People stare at me in supermarkets. I don’t know how many people read Eesti Ekspress, but many readers must shop where I do. They peer over fresh cabbage until their eyes meet mine. Then they glance downward, as if there were something on the floor they might buy.

I look like my photo in real life, though I’ve had my teeth fixed since then. Otherwise, I’m a readily identifiable average guy who’s never had to deal with fame. I had one close call in Vancouver when my Esto-Canadian band, Reckless Dentistry, had a video on Much Music called “Tuusik Vanaemale.” We weren’t as clever as we thought, and I wasn’t much of a bass player. Rightly so, my fame was short-lived.

People have said I’m a better writer than musician, which I certainly hope is true. But as these columns become more popular, I’m not so sure I’m prepared for fame. And Estonian fame is of the strangest sort.

Andy Warhol said that everyone would be famous for fifteen minutes, but he never lived in a country that has fewer residents than his Manhattan neighborhood.

Curious about Warhol’s prediction in an Estonian context, I turned to science. I pored over TV schedules to calculate that Estonia’s three channels offer 1,450,800 broadcast minutes per year. Assuming the average Estonian lives 65 years, there will be over 94 million minutes of TV time to fill in a single lifetime. Divide by the Estonian-speaking population (a bit over 920,000), and every man, woman, and child will need to personally appear 102 minutes on local television stations. Imagine: a never-ending episode of Meie.

Scientifically-minded readers will find fault. Granted, broadcast minutes are sometimes filled with foreign programming. But in my favor, I did not include other mediums like radio, magazines, newspapers, and the internet. I also did not factor out infants, the elderly, and the indigent. If we adjust for those, the scenario is of a magnitude that would have frightened Mr. Warhol. Indeed, Estonians have a grim responsibility to feed the fires of fame.

Luckily, there are Estonians ready to unselfishly serve both your time and mine. Anu Saagim is one. When Anu runs out of something to say, she gets a tattoo or a breast implant or botox treatment, and then talks about that. When she’s finally run the gamut of plastic surgeries and beauty treatments, it won’t surprise me if she experiments with prosthesis. Who among us has not wondered which artificial leg boasts the sexiest curves?

Then there are those Ninjas. It’s not my kind of music—though their English-language titles rival my band’s “Tuusik Vanaemale”—but those girls have done their national service by suffering through their fame. They flew to Iraq and sweated in body armor only to return home to the headline: "Kavatseme ├╝hel ajal lapsed saada." ("We all plan to have kids at the same time.")

Politicians have it worse, though. When a politician’s image appears on the TV screen, half of Estonia winces or spits. It’s almost a national pastime to trash politicians. But since many of them deserve it, and because they’re well paid, it’s hard to pity them.

Fame even carries over into the foreign community. It is a fact that every foreigner who learns the Estonian language has gone on television to give an interview. They’re never asked intelligent questions; rather they are invited before the klieg lights to scratch themselves like monkeys. Their role is to smile, butcher a few sentences, and show the Russian population that “See, it’s not impossible to learn the language!” (Never mind that the Russian population doesn’t watch Estonian television.)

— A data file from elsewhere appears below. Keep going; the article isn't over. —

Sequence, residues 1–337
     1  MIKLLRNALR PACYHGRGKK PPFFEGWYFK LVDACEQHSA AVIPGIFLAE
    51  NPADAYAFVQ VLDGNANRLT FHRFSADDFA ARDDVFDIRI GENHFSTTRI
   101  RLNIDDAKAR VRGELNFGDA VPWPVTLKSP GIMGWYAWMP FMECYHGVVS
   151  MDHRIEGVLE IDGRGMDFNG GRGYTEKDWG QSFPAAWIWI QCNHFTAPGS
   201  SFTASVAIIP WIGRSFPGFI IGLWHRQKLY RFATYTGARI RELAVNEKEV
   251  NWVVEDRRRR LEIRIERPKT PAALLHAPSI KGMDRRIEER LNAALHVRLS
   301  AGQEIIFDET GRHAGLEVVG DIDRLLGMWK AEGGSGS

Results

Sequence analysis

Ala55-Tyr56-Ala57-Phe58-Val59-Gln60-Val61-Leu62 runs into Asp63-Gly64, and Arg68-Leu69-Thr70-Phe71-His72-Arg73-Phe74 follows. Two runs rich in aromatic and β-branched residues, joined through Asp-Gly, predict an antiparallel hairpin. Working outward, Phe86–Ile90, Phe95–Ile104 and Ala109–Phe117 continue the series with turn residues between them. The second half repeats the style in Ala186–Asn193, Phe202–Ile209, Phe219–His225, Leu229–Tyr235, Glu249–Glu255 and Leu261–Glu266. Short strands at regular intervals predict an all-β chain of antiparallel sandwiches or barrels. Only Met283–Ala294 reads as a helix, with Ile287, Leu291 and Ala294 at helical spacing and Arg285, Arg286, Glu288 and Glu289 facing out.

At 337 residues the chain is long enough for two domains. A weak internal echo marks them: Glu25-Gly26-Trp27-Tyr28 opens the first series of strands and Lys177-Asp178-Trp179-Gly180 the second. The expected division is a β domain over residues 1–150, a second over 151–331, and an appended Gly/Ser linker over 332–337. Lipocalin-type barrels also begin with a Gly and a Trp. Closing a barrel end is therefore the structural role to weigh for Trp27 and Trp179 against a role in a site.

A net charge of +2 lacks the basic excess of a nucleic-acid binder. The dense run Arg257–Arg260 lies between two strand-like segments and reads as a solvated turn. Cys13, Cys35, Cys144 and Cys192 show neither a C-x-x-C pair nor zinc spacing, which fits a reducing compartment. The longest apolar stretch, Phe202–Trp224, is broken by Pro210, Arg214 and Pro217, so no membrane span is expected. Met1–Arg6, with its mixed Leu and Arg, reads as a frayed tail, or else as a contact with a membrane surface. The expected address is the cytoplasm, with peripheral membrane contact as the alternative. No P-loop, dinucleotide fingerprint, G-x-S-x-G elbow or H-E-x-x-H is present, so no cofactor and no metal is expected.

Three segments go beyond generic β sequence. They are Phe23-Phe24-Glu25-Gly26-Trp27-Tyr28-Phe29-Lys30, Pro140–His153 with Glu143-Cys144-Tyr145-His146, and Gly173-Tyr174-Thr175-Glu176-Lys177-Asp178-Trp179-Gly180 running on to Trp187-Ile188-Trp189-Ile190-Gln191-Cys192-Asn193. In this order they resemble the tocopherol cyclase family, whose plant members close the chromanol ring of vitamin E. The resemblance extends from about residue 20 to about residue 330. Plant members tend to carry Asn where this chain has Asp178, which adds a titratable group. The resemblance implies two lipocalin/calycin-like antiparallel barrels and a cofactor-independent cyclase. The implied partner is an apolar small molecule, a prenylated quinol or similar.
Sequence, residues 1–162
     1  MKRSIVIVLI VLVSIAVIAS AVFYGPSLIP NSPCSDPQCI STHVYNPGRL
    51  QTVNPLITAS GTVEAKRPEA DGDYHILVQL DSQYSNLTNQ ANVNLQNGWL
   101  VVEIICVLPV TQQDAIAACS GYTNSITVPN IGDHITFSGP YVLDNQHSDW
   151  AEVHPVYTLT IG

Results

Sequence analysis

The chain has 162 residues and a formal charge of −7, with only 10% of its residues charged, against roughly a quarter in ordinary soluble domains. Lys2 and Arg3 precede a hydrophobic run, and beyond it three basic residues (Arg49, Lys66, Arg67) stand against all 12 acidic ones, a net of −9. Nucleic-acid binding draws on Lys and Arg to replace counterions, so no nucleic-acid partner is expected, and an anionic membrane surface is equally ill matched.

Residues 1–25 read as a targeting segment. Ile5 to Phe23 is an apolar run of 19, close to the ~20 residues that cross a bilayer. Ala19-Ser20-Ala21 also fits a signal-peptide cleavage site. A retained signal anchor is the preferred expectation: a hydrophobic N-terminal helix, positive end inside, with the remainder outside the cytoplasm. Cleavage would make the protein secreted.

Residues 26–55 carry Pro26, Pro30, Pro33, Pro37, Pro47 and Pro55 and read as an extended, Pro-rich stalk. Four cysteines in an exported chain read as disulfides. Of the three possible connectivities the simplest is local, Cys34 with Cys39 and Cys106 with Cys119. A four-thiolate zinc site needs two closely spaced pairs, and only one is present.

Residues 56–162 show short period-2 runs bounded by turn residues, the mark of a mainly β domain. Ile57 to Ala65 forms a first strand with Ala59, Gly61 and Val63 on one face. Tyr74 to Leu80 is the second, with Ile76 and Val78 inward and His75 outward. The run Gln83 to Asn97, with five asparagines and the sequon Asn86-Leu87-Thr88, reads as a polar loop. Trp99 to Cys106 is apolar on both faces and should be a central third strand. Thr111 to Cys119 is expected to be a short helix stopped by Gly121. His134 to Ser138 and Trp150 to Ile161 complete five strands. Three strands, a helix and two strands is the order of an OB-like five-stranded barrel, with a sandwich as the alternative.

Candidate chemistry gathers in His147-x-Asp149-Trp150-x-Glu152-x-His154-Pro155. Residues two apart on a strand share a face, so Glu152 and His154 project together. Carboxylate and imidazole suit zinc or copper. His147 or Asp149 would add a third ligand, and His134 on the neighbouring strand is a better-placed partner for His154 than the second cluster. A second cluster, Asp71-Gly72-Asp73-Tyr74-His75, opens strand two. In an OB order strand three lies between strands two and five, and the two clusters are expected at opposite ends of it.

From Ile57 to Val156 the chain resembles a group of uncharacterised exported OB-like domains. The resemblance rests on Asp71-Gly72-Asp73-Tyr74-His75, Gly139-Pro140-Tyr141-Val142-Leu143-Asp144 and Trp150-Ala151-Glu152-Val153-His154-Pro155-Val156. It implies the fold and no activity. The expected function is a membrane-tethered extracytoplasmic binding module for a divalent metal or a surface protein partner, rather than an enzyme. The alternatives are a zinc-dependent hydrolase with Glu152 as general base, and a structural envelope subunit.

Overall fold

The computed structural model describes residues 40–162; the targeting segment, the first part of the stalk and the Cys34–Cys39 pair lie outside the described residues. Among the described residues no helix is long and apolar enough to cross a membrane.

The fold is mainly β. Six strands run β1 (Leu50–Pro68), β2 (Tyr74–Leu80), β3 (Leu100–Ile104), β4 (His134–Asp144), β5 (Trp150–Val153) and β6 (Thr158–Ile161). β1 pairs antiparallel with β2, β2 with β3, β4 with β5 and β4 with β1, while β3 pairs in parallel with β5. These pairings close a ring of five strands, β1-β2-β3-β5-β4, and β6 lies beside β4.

I have a couple of friends who are famous Estonians. While the public generally respects their privacy—they’re rarely hounded for autographs—I don’t see the benefit of fame. The police won’t fawn over you and tear up your speeding ticket: they’re as likely to double-check the breathalyzer. Fame doesn’t get you a better parking place or a better table in a restaurant, and it certainly doesn’t get you money. I get stares in Selver but what I earn for my column remains a constant. There are plenty of famous Estonians who lead middle-class or even below-middle class existences. What’s the point in that?

It’s too late to turn back now, but had I been smarter I would have used someone else’s picture for this column. Someone who’s already famous or would really like to be. However, if a certain amount of fame is the price for expressing one’s views in the newspaper, I guess that’s not an unfair bargain. But please do me one favor: Don’t steal glances at me across the Spanish tomatoes. Come over and introduce yourself. We’ll both have made a new acquaintance, and I won’t feel half as awkward with my newfound fame.

Sunday, August 10, 2008

Letter from a Luddite

One of my colleagues, Matis, uses a Nokia Communicator E90. He tells it’s a 3G phone with MS Office compatibility, GPRS, WAP, wireless LAN, infrared Bluetooth, and “all communications protocols.”

I have a blue telephone. It has an on-off switch on the top, and when I dial a number and push the green button, it will make a telephone call. I like this phone well enough, but I wish the battery would last longer than four calls. With Matis’ help, I’m starting to check out new telephones.

We’ve visited several stores and gazed upon phones behind polished glass, displayed like diamond engagement rings in a Toronto jewelry store. Some of them cost as much as diamonds, too. I do my best to listen patiently while a salesman explains why a telephone is really worth 9,000 EEK. “But it’s more than a telephone,” the salesman senses my doubt. “It’s a personal communications center!”